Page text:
Advocates urge SRTA to expand public transportation options

By Kevin P. O’Connor

Sundays were always a problem, Sandra Cunningham said.

“People work on Sunday,” Cunningham said. “I worked a job from Sunday to Thursday. When I couldn’t get a ride, I had to walk from Middle Street to President Avenue or I had to take a taxi, which was expensive.”

And she was not the only person to be inconvenienced by the city’s public transportation schedule. Buses in Fall River stop at 6 p.m. every day and do not run on Sunday.

“We need to extend public transportation,” Cunningham said.

That was the message of a rally Wednesday at Government Center.

Advocates gathered to ask the Southeastern Regional Transit Authority to offer service at night and on Sunday, and to push Congress to fund it.

The Coalition for Social Justice, the Amalgamated Transit Union (ATU) and Bus Riders United gathered in the Fall River Room at city hall to spread the word. Rallies were held in other cities around the country on Tuesday to push Congress to increase funding for mass transit.

More about the campaign can be found on the website,

“This is part of a larger campaign to get Congress to properly fund public transit,” said Eric Carvalho, president and business agent for the ATU.

The ATU and the Coalition for Social Justice have been collecting signatures from area residents through the summer, asking SRTA and Congress to extend the hours the buses run in Fall River and New Bedford.

Increased service was the most common request voiced to coalition volunteers who rode the buses all summer on the SRTA lines, organizers said.

“In Brockton and in the Berkshires the buses run after 6 p.m.,” said Marlene Pollock of the Coalition for Social Justice. “There really is no excuse for us to not do that.”

Fred Senay, a Fall River resident, rides the bus because he decided years ago to live without a car.

“I enjoy riding the bus,” Senay said. “I do it by choice. It is really interesting.
“I’ve spoke with a lot of people about this. A lot of people told me they couldn’t get hired, that they couldn’t work overtime, that they couldn’t work Sundays because of transportation problems.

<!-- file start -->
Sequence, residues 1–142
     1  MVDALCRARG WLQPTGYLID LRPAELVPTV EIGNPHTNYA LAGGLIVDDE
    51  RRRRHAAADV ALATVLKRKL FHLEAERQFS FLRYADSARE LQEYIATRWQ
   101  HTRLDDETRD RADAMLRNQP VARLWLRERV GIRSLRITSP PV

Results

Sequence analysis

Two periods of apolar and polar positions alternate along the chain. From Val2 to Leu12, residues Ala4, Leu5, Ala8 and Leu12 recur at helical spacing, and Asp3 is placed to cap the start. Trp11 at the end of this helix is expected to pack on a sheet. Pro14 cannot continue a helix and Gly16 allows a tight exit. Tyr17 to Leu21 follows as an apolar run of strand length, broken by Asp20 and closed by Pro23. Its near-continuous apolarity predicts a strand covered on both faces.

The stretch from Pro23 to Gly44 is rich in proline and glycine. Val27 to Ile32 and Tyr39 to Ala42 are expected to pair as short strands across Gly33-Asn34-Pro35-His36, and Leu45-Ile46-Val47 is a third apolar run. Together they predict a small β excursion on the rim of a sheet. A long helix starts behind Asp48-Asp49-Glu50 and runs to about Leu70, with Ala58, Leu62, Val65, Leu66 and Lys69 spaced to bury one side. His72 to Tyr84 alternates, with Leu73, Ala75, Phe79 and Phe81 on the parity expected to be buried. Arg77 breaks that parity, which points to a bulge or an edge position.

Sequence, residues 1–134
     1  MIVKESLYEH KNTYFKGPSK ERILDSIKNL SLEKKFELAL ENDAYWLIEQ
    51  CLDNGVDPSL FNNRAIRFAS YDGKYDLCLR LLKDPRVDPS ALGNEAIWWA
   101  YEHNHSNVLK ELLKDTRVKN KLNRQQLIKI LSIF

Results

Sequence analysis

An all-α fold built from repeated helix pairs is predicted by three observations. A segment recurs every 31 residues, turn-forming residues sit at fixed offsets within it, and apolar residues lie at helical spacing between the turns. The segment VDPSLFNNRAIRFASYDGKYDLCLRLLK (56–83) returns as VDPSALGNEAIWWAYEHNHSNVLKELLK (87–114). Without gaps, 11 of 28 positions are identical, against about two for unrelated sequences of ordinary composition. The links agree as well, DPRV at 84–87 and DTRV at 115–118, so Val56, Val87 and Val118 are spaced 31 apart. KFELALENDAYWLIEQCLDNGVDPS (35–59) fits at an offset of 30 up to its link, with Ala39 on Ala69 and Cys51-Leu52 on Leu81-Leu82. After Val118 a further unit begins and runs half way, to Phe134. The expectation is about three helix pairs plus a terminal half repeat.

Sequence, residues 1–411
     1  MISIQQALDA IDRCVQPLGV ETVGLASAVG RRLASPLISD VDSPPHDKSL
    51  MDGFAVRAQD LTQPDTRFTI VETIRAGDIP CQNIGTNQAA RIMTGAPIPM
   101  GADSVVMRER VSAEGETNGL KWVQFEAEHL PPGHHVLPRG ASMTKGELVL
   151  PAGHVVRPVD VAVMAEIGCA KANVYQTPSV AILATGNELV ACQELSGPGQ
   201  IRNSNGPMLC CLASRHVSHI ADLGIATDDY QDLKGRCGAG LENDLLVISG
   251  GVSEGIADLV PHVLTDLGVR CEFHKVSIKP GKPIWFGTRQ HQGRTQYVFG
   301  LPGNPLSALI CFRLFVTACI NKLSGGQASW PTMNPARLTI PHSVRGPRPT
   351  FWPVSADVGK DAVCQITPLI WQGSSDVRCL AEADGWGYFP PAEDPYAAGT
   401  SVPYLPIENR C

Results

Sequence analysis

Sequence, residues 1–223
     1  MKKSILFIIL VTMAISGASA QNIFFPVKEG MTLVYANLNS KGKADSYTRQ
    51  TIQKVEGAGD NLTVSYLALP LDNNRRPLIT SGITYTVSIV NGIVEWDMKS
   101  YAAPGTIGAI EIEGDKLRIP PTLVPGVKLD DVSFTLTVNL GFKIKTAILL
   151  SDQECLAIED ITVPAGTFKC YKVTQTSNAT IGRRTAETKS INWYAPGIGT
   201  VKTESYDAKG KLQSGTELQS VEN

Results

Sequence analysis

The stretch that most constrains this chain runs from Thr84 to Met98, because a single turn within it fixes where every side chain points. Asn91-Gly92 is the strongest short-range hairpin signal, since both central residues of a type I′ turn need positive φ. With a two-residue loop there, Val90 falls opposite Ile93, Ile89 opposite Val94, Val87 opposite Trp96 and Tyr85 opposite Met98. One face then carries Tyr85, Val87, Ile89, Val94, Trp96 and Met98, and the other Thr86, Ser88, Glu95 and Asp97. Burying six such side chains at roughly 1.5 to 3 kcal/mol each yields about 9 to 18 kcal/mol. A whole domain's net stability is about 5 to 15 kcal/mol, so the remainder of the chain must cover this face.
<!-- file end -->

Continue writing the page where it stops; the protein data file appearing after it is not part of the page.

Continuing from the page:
“Public transportation is the lifeblood of our city. We need more, not less.”
Part of the gathering Wednesday was sparked by calls in Congress to cut federal subsidies to transportation projects by 30 percent.

That proposal was knocked down, but only for the next six months. The issue will rise again when budget talks resume in the spring, said Carvalho, the transit union official.

Mayor Will Flanagan said he called the city’s U.S. representatives, James McGovern and Barney Frank, to push them to support funding for public transportation.

“I’ve spoken to so many people who want to take night courses at BCC (Bristol Community College) and UMass Dartmouth, but they simply can’t because they can’t get transportation,” Flanagan said. “We have to keep pressure on our public officials to make sure they know public transportation is not an area they can cut.”

That is a message he hears often while riding the bus, Senay said.
“The city continues to run and our lives continue to run at night and on Sundays,” Senay said. “The buses should continue to run, too.”

This story originally appeared in The Herald News on September 22, 2011 and is available here: